#define  SW_FIXED    'F'
#define  SW_LENREC   'L'
#define  SW_HELP     '?'
#define BLANKIGNORE  0x01
#define DESCENDSORT  0x02
#define BINARYFILE   0x04
#define DEBUGFLAG    0x80

// Key Values
#define  SENSITIVE   'C'
#define  BINARYVAL   'B'
#define  BIT_CASE    0x01
#define  BIT_BINARY  0x02

// Variables
char    flgByte     = 0;
int     HeaderSize  = 0;
unsigned int RecordSize = MAXBUF;
char  inpFile[FILESIZE];
char  outFile[FILESIZE];

For ease in this explanation, I'm defining the variables as globals. You can define them in a class or structure -- basically anywhere you have access to them. Call the parsing routine with:

C/CPP/C++ Code Example:

param = 1;
while (param < argc)
{
    ParseCmdLine(argv[param++]);
}

Now define the skeleton of the routine:

C/CPP/C++ Code Example:

void ParseCmdLine(char *param)
{
    char   *p;                   // Pointer for parsing the parameter
    char    sw;                  // The switch value
 
     p = param;                  // Get the parameter into the pointer
     if (*p == '-' || *p == '/') // Is the first character a switch designator?
     {                           // Yes it is.. process the switch info
        p++;                     // Next character in the parameter
        sw = toupper(*p);        // Get the switch character as uppercase
        
            // Switch processing goes here
        
    }
    else                    // Not a switch designator.
    {                       // It must be a file name.
                            // Input file first, then output file
        if (strlen(inpFile) == 0)  strcpy(inpFile, param);
            else                   strcpy(outFile, param);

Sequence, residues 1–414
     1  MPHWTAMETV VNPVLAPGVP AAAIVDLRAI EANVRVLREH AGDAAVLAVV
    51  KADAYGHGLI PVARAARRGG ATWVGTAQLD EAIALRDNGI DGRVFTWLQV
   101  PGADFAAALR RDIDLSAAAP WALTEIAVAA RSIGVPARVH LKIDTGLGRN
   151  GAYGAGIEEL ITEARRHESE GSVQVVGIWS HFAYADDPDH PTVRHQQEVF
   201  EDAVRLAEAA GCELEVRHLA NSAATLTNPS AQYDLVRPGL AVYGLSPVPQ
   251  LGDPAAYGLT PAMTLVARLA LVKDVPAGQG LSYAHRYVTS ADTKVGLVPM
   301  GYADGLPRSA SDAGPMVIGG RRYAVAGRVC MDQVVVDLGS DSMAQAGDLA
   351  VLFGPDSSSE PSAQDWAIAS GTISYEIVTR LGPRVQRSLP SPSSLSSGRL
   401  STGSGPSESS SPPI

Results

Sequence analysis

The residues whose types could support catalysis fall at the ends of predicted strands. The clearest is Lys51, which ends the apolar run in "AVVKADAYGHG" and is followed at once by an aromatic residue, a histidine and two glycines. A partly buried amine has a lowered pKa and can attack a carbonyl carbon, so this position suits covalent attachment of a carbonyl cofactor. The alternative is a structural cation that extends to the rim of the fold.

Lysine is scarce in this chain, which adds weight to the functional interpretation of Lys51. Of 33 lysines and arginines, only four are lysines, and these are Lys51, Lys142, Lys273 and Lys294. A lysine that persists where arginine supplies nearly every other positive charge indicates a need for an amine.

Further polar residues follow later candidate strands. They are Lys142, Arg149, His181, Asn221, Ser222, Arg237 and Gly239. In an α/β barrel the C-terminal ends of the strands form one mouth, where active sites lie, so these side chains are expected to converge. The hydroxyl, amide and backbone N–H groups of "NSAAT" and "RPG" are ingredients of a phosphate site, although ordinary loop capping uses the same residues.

}
}

Now in the space provided, we can start testing the switches. We can use either a switch statement or nested if/else statements. We will use nested ifs in this example. To process each switch:

C/CPP/C++ Code Example:

if (sw == SW_HELP)    // The question mark switch was seen so call the 
{                     // Help Display.  No further processing needed
    DisplayHelp();
}
else                  // The BLANK switch simply sets a bit in the
if (sw == SW_BLANK)   // flgByte variable
{
    flgByte |= BLANKIGNORE;
}
else
if (sw == SW_DESCEND) // Same with the Descend switch
{
    flgByte |= DESCENDSORT;
}
else                  // Both Header and LenRecord read a value
if (sw == SW_HEADER)  //     attached to the switch
{
    p++;              // Skip the switch value
    HeaderSize  = atoi(p); // Convert the value to an int
}
else
if (sw == SW_LENREC)  // Same as the Header switch
{
    p++;
    RecordSize  = atoi(p);
}
else                  // The Fixed length binary data file switch has
if (sw == SW_FIXED)   // an optional value
{
    flgByte |= BINARYFILE;      // Set the bit
    p++;                        // Point to the value
    if (isdigit(*p))            // If there is a digit...
        RecordSize  = atoi(p);  //   convert the value to int
}

        // Now the complicated switch. Because this switch can either
        // be the optional 'K' or a digit, the switch would have been
        // somewhat ugly, hence the use of the ifs.  
        // The function NextValue() is designed to 
        //     always skip the next character, then 
        //     skip all digits following, then 
        //     skip a dot if there is one.

else                        // test if the switch is a K or a digit
if (sw == SW_KEY || isdigit(*p))
{
    if (sw == SW_KEY) p++;  // If 'K', skip it.
    StartCol = atoi(p) - 1; // Get the 's' values
    p = NextValue(p);       // Skip the value and the trailing '.'
    LengthCol = atoi(p);    // Get the 'l' value
    if (LengthCol == 0)     // If it's zero, load the default value
    {
        LengthCol = KEYDEFLEN;
    }

    p = NextValue(p);       // Skips the digits 
    while (*p)              // loop while more characters are present
    {
        if (sw == SENSITIVE)    // Check for the 'S' subswitch
                FlagCol |= BIT_CASE;
        if (sw == BINARYVAL)    // Check for the 'B' subswitch
                FlagCol |= BIT_BINARY;
        p++;                    // Next character
    }
}

If you would like to check out the program, it's called WSort.exe and can be found at http://wildeware.com under Utilities.